So for countries that are worried about Russia the correct solution is a simple one: just increase military spending to the 2% target agreed by NATO countries. America will be happy again, Britain will still be a part, and NATO exists for the entire purpose of protecting Europe against, er, well, the USSR really, but let’s pretend Russia is the same thing. The EU isn’t necessary and is actually very unhelpful, as it would take many years to effectively reimplement NATO under EU command and of course won’t have America or Britain involved. Losing those two is a big deal.

What of China?

This is probably where most people’s fears really lie, at least in western countries like Belgium where Guy Verhofstadt is from.

China fulfils a lot of the criteria of empires. It’s big. Xi Jinping is a dictator who’s reported to be engaging in a purge of all opposition. They’re very publicly eying territorial expansion into Taiwan. They have enormous economic power.

So is the threat big enough to justify erasing national governments in Europe? I don’t think so. Of course, nobody knows the future and perhaps Xi Jinping will go mad, become the next Hitler and invade France. But I’m skeptical.

I’ve been hearing that China will dominate the world since I was a little kid. My parents told me that when I grew up I’d probably have to learn Mandarin. Now I’m 35 and guess what, the global language is still English. I don’t remember the last Chinese movie or Chinese song I consumed. The cultural impact on my life of China’s rise has been nearly zero. Turns out that selling lots of cheap electronics to the west doesn’t mean we Europeans suddenly start losing our “way of life” (whatever that is).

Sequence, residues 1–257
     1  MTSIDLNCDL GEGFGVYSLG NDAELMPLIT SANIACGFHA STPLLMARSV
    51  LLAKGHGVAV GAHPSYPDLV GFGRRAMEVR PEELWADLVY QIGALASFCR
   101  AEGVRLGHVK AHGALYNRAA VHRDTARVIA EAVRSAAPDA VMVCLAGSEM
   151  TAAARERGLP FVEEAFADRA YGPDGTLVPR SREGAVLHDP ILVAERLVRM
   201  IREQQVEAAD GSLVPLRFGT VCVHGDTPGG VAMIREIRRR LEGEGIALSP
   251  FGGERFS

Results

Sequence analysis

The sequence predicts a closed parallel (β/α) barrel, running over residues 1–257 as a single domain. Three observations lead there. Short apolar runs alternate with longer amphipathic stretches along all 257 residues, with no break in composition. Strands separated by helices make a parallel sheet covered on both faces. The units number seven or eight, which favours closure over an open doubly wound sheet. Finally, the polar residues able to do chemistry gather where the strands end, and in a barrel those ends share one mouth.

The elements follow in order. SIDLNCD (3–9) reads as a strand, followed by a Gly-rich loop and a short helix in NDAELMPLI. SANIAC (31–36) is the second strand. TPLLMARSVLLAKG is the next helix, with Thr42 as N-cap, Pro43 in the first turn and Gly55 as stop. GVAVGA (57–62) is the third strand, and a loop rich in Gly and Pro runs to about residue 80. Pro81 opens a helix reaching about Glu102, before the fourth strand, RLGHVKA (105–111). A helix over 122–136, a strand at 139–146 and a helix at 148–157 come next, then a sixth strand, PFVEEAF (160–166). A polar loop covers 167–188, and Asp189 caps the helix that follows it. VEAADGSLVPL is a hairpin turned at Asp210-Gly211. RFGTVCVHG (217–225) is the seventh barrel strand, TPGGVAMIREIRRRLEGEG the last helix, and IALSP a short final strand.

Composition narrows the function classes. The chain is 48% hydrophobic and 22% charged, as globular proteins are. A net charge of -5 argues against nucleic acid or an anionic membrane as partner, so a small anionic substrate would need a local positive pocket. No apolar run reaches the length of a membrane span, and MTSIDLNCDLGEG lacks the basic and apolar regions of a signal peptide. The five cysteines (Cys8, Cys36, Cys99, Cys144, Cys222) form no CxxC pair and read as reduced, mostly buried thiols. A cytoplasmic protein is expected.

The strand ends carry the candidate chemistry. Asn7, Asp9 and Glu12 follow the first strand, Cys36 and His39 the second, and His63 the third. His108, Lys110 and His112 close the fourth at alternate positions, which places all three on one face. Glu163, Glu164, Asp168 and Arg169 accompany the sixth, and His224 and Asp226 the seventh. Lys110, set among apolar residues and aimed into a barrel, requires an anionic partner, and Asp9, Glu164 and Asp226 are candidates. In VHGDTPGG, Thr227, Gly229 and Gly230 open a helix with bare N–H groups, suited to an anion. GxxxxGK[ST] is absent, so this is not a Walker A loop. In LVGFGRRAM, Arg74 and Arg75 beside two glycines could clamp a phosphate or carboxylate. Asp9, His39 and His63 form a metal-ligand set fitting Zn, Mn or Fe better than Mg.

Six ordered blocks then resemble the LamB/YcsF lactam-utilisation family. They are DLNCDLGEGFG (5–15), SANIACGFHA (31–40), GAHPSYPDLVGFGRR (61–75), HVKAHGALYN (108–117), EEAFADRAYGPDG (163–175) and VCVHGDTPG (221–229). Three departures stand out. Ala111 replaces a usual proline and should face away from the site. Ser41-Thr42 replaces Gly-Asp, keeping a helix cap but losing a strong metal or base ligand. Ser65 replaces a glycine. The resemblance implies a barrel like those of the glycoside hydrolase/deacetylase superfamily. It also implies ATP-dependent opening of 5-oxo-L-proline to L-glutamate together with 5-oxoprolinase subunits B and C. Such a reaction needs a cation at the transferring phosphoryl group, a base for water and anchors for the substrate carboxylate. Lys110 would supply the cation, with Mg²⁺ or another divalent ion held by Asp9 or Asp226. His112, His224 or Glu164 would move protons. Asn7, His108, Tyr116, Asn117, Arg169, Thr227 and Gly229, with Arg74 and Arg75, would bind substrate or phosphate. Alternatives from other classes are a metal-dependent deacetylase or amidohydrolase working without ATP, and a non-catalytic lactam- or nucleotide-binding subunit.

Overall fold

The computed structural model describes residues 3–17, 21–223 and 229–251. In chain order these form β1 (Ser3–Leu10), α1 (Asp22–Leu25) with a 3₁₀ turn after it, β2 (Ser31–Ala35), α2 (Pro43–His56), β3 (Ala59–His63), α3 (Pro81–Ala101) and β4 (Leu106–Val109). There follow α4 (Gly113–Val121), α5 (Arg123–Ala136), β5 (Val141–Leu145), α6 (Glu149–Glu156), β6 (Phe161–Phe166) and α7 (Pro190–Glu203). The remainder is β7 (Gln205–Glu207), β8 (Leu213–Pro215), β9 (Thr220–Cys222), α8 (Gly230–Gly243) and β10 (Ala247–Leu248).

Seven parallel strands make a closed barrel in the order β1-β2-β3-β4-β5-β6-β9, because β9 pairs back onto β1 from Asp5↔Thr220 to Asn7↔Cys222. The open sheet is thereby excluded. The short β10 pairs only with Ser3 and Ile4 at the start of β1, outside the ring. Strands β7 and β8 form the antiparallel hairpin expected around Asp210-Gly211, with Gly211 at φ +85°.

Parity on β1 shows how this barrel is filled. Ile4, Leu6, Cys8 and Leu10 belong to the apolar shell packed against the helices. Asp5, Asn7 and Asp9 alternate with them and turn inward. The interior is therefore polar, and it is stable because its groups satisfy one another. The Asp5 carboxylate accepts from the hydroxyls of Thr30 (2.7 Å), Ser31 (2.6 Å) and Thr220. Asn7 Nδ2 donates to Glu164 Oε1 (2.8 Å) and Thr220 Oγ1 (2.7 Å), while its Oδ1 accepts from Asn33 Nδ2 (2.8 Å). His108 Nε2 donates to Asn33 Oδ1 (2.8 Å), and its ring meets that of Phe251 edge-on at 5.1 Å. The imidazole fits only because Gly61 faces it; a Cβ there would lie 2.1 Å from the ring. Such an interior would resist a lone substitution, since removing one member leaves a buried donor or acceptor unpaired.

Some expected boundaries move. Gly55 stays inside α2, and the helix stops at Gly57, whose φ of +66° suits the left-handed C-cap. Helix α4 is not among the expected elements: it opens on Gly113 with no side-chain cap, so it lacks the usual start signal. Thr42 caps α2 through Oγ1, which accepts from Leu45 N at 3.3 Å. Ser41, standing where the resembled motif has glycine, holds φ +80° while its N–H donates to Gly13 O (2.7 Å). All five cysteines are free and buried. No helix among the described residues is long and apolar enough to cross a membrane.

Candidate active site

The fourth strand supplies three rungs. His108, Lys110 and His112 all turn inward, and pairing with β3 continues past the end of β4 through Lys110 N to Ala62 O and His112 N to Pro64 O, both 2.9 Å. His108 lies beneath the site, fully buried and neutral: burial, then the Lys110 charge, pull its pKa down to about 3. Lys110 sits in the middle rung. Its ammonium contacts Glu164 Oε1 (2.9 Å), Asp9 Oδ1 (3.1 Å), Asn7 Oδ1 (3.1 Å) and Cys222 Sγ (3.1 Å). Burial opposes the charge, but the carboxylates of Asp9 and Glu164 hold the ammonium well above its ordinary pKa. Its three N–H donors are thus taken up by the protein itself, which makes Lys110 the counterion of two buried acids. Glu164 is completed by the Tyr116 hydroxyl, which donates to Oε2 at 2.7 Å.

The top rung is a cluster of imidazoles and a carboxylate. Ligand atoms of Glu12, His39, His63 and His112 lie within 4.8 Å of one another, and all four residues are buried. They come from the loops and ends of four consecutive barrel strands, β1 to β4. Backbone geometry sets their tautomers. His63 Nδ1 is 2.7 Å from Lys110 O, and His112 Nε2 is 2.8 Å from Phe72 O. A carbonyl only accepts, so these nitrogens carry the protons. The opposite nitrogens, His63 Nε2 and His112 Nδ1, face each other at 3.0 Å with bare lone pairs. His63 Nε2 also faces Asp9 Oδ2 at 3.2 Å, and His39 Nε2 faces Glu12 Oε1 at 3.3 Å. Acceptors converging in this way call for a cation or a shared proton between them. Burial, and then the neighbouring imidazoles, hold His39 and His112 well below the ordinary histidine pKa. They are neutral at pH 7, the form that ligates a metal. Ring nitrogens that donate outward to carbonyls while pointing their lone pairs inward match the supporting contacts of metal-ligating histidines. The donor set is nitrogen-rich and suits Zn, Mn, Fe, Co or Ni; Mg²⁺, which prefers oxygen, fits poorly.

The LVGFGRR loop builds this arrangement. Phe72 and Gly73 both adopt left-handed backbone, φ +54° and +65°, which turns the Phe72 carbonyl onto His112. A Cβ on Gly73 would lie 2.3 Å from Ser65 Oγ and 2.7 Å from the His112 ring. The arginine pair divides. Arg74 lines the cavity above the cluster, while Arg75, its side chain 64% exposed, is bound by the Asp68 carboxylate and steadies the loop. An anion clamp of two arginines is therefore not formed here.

And as for military invasion? Well, China’s awfully keen on getting back Taiwan, but Taiwan is awfully keen on not being taken back. It’s armed to the teeth with military hardware from its ally America. Taiwan hasn’t had to become the 51st state to avoid being absorbed into the Chinese Empire: that isn’t a condition America imposes on them as the price of friendship. Just being independent and democratic is enough. Why should Europe be any different? If America is willing to defend Taiwan and France without insisting they submit to the will of Congress, why shouldn’t France be willing to defend Poland without insisting it submits to the will of the Commission.


The world has more countries and more democracies than ever before. Tony Blair of all people was fond of observing that never in history have two democracies gone to war with each other. Despite many of them being small they have strong military alliances to protect them, even though for most of them there’s no serious threat on the horizon.

When the architects of the EU try to scare us with horror stories about how we must unite or lose everything, they’re making self-serving arguments disconnected from any kind of geopolitical or cultural reality. Russia and China aren’t going to invade Europe anytime soon, America wants NATO to be strong, and the “European way of life” is a myth invented for political reasons. A worker in the City of London has almost nothing in common with a Greek gyros seller on Mykonos. They might not even be able to communicate. The biggest threat to their way of life isn’t some foreign empire; it’s just a plain old recession.